Apple’s iPhone X has the best phone display I have yet seen, and it strikes the perfect balance between phone size and display size—at least for me. When I handled the device at the Apple event at the Steve Jobs Theater in Cupertino today, I was convinced by that display alone.
But the iPhone X is just as much about its new facial recognition technology as it is about the display. It was here that I had more nuanced, or even mixed, feelings while using the device. Once again, the way you interface with your phone has changed—and, at best, it’s roughly as efficient to use as it used to be with some adjustment. At worst, it’s a little less elegant.
But, as Apple always does, let’s start with the design.
Design and user experience
First, let’s talk size: the iPhone X felt similar to both the iPhone 7 and the iPhone 8 in my hand; the size may be slightly different, but you probably wouldn’t know it without being told. Only when holding an iPhone 7 in one hand and the iPhone X did I notice. But yes, the X is marginally larger vertically and horizontally—by 0.21 and 0.15 inches, respectively. The thickness is almost exactly the same.
The display, though, is much larger. At 5.8 inches, the X’s display is actually larger than the iPhone 7 Plus’ display. It occupies the entire front surface of the device except for a small slither at the top that houses the front-facing camera, some other hardware, and tiny, tiny bezels on the sides.
That slither cuts into the display, which would be a bit odd if not for the fact that that area was usually occupied by the status bar in previous iPhones anyway. Immediately, I wanted to know if it would cut into 16:9 video; the answer is “no,” unless you’ve zoomed in to make it fill the whole screen. The phone’s aspect ratio, when held in landscape mode, is wider than 16:9. So that area is just black anyway.
If you’re an app or game developer, there’s going to be some hair pulling in your future; the new aspect ratio is going to mean a lot of work for a lot of app and game devs… again. And said ratio is now different between the iPhone 7 or 8 and the iPhone X, so you’ll have to support both for the best user experience. It’s the iPhone 5 all over again. Even if you’re not a dev, expect a transition period just like you saw when we moved from the iPhone 4 to the 5.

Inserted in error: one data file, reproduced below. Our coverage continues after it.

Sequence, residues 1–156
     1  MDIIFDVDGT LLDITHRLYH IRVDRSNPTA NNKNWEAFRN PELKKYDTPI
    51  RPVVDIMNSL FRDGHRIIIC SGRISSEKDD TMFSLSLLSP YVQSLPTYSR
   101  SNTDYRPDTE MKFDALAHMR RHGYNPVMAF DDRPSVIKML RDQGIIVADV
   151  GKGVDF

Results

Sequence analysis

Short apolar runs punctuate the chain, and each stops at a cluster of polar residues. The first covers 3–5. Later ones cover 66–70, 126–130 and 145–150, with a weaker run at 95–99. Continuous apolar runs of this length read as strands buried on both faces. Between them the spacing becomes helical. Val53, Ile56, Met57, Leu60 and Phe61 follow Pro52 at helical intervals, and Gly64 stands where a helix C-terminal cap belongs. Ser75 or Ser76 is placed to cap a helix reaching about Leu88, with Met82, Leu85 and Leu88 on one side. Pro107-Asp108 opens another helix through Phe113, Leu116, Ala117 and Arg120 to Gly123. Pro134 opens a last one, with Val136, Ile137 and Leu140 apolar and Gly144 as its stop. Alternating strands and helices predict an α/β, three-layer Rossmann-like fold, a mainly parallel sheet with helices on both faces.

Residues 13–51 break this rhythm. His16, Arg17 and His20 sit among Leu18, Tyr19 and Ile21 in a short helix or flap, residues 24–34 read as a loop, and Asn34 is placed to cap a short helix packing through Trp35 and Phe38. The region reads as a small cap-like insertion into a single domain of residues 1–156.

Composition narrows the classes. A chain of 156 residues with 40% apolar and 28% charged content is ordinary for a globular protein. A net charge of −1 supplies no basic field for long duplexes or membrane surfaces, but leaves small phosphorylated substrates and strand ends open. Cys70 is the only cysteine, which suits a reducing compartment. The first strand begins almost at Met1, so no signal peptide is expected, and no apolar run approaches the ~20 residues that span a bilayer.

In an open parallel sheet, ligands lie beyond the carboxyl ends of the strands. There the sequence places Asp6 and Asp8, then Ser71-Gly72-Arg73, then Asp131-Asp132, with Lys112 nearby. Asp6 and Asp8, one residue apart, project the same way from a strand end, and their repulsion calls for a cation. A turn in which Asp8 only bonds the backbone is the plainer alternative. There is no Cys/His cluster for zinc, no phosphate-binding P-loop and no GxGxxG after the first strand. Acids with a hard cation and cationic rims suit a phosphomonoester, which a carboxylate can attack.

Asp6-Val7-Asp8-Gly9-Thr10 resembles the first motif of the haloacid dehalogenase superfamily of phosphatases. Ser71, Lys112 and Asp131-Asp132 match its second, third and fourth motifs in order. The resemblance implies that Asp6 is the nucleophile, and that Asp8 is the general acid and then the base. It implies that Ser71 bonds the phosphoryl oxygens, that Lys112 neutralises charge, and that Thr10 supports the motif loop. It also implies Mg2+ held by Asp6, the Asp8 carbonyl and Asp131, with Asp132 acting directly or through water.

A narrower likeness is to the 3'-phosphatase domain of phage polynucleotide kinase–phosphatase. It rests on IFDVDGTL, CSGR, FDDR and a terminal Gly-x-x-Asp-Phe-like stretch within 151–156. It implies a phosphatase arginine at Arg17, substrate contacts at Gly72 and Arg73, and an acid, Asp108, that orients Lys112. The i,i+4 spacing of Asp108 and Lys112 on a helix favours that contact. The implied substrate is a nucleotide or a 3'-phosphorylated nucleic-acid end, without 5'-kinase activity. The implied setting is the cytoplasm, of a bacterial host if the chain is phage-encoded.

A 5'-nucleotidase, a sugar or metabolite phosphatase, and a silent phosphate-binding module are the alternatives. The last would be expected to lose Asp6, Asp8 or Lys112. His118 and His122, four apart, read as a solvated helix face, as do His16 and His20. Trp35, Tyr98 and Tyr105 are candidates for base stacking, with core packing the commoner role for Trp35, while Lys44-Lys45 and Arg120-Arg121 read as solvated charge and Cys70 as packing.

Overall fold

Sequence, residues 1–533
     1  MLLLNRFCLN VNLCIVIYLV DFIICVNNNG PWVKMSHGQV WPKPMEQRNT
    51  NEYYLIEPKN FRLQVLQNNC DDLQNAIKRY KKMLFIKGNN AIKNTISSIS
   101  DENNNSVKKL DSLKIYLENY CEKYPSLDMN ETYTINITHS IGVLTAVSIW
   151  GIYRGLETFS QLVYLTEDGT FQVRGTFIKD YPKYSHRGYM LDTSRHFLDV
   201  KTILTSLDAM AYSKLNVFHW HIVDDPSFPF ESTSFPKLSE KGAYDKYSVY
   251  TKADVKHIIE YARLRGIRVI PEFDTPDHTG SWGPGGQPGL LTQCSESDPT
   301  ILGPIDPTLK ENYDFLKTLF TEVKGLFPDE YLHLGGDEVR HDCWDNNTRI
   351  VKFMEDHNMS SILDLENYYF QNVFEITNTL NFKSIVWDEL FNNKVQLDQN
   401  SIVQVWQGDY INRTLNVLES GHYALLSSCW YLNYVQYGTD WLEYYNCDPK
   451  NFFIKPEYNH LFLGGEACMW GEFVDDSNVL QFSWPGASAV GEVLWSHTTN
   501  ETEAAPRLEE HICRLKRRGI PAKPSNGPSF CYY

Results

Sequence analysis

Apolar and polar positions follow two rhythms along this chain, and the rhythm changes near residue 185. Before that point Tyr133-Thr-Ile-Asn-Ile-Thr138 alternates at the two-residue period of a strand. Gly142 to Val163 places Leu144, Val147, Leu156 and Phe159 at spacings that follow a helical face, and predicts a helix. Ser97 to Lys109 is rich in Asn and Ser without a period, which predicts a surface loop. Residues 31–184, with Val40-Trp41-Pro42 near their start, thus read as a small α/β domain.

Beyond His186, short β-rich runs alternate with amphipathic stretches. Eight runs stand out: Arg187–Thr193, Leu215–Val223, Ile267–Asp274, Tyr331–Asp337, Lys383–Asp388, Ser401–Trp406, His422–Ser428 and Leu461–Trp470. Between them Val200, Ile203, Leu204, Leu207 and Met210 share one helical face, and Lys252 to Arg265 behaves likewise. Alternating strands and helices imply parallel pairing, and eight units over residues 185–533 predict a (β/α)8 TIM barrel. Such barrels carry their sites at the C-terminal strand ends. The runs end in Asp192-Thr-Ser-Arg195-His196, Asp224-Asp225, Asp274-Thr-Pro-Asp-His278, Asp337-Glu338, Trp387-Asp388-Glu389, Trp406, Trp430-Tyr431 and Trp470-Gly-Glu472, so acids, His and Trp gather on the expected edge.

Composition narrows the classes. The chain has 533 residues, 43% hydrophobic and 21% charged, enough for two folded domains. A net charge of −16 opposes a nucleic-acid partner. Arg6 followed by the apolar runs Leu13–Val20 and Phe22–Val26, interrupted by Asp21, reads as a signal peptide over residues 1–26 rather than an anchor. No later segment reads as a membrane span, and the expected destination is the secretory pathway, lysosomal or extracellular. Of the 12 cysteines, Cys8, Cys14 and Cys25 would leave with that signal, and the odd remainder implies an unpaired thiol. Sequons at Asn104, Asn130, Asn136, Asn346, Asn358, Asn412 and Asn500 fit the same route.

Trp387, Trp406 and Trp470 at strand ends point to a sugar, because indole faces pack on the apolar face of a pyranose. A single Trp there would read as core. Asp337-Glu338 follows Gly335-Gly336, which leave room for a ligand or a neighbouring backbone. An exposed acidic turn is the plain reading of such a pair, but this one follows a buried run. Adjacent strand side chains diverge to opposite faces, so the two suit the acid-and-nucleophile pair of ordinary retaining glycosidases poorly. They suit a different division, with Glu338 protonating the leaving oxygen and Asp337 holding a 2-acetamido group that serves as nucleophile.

But the transition won’t be as painful as the iPhone 5 if you’re running an app designed for the previous phone’s display. Because of the OLED display, those edges really are truly black. They blend seamlessly into the physical body of the phone, that means they look like part of a bigger bezel. Images display just like they would on the iPhone 7 or 8.
With the addition of this near-full-face display, we lose the home button completely and Touch ID with it. That means you can no longer log in with your fingerprint; instead, you use your face and a swiping gesture. Swiping to unlock is back, and I’m honestly not a fan.
Your iPhone X will map your face in three dimensions when you set it up. After that, you start up the phone and get to your home screen by simply looking at the front-facing camera and swiping up on the display from the bottom of the device.
To revert to the home screen from an app, you use the same gesture from inside the app. To go to the multitasking view, you swipe halfway up the screen, then let go. I found the multitasking gesture to be a bit frustrating at first; there was no clear indication as to how far I needed to go or when I could stop. I’m sure I’d adapt eventually, but it wasn’t intuitive, and you (usually) expect something more intuitive from Apple.
The multitasking view looks similar to the existing one, with a series of cards descending in space horizontally across the screen. Whereas in iOS 10 on the iPhone 7 you swipe up on a card to close the app, the iPhone X running iOS 11 requires you to hold your finger down on the card so red indicators appear on all the cards. From there, I tapped them out.
The multitasking view works like it did some iOS versions ago, with the red minus sign in the corner. In general, I’m not a fan of anything that requires me to hold down my finger for a while to gain a basic function. I’m not glad that’s back.
Other home button functions have been moved around. For example, the Apple rep said that you can take a screenshot by holding the power button and the volume button simultaneously; previously, it was the power button and the home button.